Adams Puryear explores the Internet’s flow of convoluted information and how tactile materials and different media can represent it. Experimenting with physical translations of the Internet’s anti-filter rabbit hole, Adams continues to return to the materials of ceramic and gypsum to create historically sedimented sculptural elements contrasting present-day electronic displays and dynamic materials. Obsessively grazing over electronic images of history and culture, Adams understands the Internet’s growth and its visualization of time as one slowly unfolding in a nonlinear and ultimately muddled formlessness. In much of his work an amorphous and colored blob, moving in-real-time from a ceramic container, becomes another dichotomy to the push-pull of digital-analogue, historical-new, formal-experiential oppositional elements in the work. Paradoxically it is this oozey blob — a material with a comparatively short lifespan and history that over weeks empties from the sculpture’s body and continues to change until it reaches a solid state — which slows down a viewing and resists a tidy resolution. This is the work’s answer to our culture’s continued acceleration.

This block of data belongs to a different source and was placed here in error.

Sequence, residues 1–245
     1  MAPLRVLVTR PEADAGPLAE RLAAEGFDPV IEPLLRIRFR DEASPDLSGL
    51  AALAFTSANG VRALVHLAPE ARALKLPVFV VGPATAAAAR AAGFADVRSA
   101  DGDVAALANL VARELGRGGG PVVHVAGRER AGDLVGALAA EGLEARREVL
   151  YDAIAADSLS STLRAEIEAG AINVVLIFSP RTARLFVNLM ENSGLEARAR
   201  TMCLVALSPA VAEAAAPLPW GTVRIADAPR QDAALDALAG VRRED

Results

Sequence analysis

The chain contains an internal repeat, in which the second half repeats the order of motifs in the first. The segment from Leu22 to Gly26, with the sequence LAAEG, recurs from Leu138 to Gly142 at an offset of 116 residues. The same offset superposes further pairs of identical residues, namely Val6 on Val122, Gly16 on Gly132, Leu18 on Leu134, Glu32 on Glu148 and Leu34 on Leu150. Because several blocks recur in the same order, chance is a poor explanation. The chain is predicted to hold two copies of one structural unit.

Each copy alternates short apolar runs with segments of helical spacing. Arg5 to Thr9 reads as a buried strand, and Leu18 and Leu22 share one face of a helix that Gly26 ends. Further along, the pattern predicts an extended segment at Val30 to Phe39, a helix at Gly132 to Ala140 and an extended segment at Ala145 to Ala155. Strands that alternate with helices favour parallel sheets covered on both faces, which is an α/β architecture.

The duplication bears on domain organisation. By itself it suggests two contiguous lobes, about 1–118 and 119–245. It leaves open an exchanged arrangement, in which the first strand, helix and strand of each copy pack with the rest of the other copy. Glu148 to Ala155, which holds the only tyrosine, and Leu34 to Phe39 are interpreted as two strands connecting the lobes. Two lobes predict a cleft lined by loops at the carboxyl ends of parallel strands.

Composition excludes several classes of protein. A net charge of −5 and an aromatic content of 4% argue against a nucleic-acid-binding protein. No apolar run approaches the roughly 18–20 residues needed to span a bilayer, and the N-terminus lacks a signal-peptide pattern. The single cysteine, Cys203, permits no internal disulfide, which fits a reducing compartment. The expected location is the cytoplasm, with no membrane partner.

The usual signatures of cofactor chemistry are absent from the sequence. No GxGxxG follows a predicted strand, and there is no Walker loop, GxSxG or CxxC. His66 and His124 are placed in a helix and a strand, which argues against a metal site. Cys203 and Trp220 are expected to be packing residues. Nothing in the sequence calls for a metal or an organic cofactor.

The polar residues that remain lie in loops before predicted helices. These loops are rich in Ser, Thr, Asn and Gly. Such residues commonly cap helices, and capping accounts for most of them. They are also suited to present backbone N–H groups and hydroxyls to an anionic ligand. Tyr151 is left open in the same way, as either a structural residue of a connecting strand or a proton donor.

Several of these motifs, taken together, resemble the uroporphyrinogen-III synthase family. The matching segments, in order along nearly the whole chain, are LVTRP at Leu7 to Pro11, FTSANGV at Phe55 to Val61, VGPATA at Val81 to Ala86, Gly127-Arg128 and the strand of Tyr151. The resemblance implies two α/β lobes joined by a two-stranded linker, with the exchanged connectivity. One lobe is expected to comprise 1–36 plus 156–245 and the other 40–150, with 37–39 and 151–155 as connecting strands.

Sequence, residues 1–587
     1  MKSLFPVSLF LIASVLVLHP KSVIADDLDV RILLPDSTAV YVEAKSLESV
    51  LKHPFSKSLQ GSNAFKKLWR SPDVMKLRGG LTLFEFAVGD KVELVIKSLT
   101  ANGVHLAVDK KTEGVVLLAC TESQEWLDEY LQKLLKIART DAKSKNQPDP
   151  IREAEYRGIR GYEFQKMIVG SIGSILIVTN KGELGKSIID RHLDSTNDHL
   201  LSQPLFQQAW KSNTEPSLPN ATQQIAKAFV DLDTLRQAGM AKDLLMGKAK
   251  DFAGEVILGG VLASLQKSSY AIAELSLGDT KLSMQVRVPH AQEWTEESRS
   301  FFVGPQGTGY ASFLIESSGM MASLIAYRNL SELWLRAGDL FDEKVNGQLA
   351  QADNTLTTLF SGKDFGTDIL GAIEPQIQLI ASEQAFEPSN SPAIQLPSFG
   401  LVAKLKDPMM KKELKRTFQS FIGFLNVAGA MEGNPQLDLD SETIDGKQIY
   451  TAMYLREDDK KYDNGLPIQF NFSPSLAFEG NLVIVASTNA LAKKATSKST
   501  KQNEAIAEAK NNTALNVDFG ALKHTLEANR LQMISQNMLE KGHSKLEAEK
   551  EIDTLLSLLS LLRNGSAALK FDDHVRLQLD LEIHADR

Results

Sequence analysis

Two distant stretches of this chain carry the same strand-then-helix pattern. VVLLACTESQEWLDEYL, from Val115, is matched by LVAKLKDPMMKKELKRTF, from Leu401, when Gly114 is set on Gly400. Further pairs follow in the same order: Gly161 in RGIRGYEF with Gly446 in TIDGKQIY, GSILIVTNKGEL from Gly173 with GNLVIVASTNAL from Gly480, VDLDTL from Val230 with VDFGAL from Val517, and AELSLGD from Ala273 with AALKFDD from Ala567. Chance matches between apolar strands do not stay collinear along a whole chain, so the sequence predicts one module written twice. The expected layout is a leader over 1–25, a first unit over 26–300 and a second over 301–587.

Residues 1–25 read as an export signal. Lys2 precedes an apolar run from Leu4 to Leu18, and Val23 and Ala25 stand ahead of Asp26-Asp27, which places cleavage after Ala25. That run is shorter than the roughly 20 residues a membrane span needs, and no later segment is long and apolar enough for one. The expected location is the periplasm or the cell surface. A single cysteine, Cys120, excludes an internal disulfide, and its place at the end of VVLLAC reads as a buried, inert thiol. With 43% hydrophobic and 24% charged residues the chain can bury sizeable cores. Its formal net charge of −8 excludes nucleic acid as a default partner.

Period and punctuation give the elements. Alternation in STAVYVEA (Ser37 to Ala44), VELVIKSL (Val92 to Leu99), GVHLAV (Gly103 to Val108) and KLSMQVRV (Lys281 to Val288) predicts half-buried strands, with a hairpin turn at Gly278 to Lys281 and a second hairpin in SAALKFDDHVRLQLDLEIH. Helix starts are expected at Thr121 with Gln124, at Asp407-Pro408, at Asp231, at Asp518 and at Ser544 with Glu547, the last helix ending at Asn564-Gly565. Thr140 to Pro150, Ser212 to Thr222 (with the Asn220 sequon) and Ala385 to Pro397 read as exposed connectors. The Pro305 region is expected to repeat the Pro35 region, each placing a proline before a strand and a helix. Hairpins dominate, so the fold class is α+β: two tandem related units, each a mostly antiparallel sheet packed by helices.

Adams Puryear received a BFA from the Massachusetts College of Art in 2004 and an MFA from Indiana University in 2012. His work has recently been featured in exhibitions around New York, the Nelson-Atkins Museum in Kansas City, and the Museum of Art in the Dominican Republic among others. He is also the founder of FPOAFM Nomadic Studios, a project-driven experimental art/craft collective engaged in functional art discourse.

Raven Halfmoon